A chemical company has asked the Texas Supreme Court to settle a 50-year boundary dispute between two counties that it says has resulted in double taxation on two of its commercial piers and docks, saying it overpaid $3 million in ad valorem taxes.

  • July 24, 2018

    Toyota Owners Defend Cert. Bid In Defective Windshield Suit

    Toyota Prius owners with allegedly defective windshields told a Texas federal court Monday they should be allowed to present evidence establishing they are a valid class, contending the automaker's bid to deny certification is premature.

  • July 24, 2018

    Texas Appeals Court Revives Plumber’s Defective Parts Suit

    A Texas appeals court gave a Texas plumber another shot Tuesday at suing foreign manufacturers over defective parts, ruling that the county court had abused its discretion by denying the plumber’s attempt to reinstate the case.

  • July 24, 2018

    How Mammoth Student Loans Are Dogging Today's Lawyers

    Six-figure student debt is fast becoming the norm for newly minted attorneys, a reality that's taking a toll on everything from job hunting to psychological well-being.

Expert Analysis

  • A Farxiga Opinion That's All Hat, No Cattle

    Lora Spencer

    Is everything really bigger in Texas? A New York federal court's ruling in Aron v. Bristol-Myers Squibb — apparently the first reported opinion from the Farxiga multidistrict litigation — would have us believe that pharmaceutical manufacturers have bigger tort liability under Texas law. But the court let the plaintiffs slide on a number of key points, says Lora Spencer of Reed Smith LLP.

  • Why Lawyers Shouldn't Accept Fees In Cryptocurrency: Part 2

    John Reed Stark

    The legal industry has already begun to feel the impact of anti-bribery and anti-money laundering requirements. When involved with cryptocurrency trading and remittance, law firms face more than the risk of being perceived as organizations that support money laundering practices, says John Reed Stark of John Reed Stark Consulting LLC.

  • Curious Case Of The Class Cert. Evidentiary Standard: Part 2

    Robert Sparkes

    The majority of circuit courts that have addressed the issue have made clear that district courts should not consider inadmissible evidence when evaluating motions for class certification. In the final part of this series, Robert Sparkes of K&L Gates LLP​​​​​​​ presents a critique of the minority viewpoint as recently adopted by the Ninth Circuit in Sali v. Corona Regional Medical Center.

  • Curious Case Of The Class Cert. Evidentiary Standard: Part 1

    Robert Sparkes

    Can courts consider only admissible evidence at the class certification stage, or are motions for class certification governed by looser evidentiary standards? Robert Sparkes of K&L Gates LLP​​​​​​​ discusses the divergent decisions from the U.S. circuit courts of appeals addressing this issue, both in the context of expert and nonexpert evidence.

  • Patent Venue Trends And Considerations Post-Cray

    Andrew Holmes

    For patent venue disputes, the Federal Circuit's 2017 Cray opinion marks a return to fact-intensive inquiries over whether a “regular and established place of business” exists in a district. Over the last six months, courts have been placing greater weight on certain facts over others, say Andrew Holmes and Zachary Flood of Quinn Emanuel Urquhart & Sullivan LLP.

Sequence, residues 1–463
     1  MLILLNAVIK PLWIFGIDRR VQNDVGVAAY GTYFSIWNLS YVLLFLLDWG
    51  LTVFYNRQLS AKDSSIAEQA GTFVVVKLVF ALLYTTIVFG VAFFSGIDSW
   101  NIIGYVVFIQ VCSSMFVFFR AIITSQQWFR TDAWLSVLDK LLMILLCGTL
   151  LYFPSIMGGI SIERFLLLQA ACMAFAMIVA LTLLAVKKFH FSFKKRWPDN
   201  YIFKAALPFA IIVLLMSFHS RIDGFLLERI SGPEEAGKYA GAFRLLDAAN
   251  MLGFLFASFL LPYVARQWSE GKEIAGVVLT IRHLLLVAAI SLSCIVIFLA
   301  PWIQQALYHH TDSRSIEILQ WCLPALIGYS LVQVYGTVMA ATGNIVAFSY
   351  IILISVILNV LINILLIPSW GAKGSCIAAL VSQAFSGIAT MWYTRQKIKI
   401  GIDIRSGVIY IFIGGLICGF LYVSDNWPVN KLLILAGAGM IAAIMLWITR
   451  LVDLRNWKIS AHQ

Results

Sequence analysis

• Why Lawyers Shouldn't Accept Fees In Cryptocurrency: Part 1

    John Reed Stark

    Law firms are increasingly accepting cryptocurrency as payment for services. While this might seem innovative and forward-thinking, ironically it is much more of a throwback, says John Reed Stark of John Reed Stark Consulting LLC.

  • Clearer Rule On Witness Compensation Disclosure Is Needed

    Ekaterina Long

    In April, the Fifth Circuit vacated a jury verdict in the Pinnacle hip implant product liability litigation due to undisclosed payments made to plaintiffs' experts. This issue would not have arisen if Federal Rule of Civil Procedure 26(a)(2)(C) imposed an affirmative duty to make a complete disclosure regarding compensation of nonretained expert witnesses, says Ekaterina Long of Godwin Bowman & Martinez PC.

  • Highway Trust Fund Is Out Of Gas — Time For Mileage Fees

    Joshua Andrews

    Revenue from the federal gas tax — last increased in 1993 — continues to decline, leaving infrastructure critically underfunded. But pilot programs in multiple states have now proven that mileage-based road user fees can replenish the Highway Trust Fund and be implemented practically and fairly, say Joshua Andrews, Charles Stitt and Theodore Bristol of Faegre Baker Daniels Consulting.

  • Opinion

    The Fight Against NPEs, 1 Year After TC Heartland

    Rachel Wolbers

    As the data shows, the U.S. Supreme Court's TC Heartland decision last year marked a major milestone in addressing extreme forum selection in patent law, and to some extent the threat of nonpracticing entity litigation abuse faced by startups. But other NPE problems need fixing, say Rachel Wolbers of Engine and Jonathan Stroud of Unified Patents Inc.

  • Impediments To Legal Industry's 'Inevitable' Future: Part 2

    Craig Levinson

    I agree with the legal pundits speculating that NewLaw’s present and future disruptors will radically change the legal services industry, but that change may not come quite as rapidly as predicted. Regardless, now is the time for both the incumbents and the challengers to best position themselves for the eventual shakeup, says Craig Levinson, founder of Levity Partners.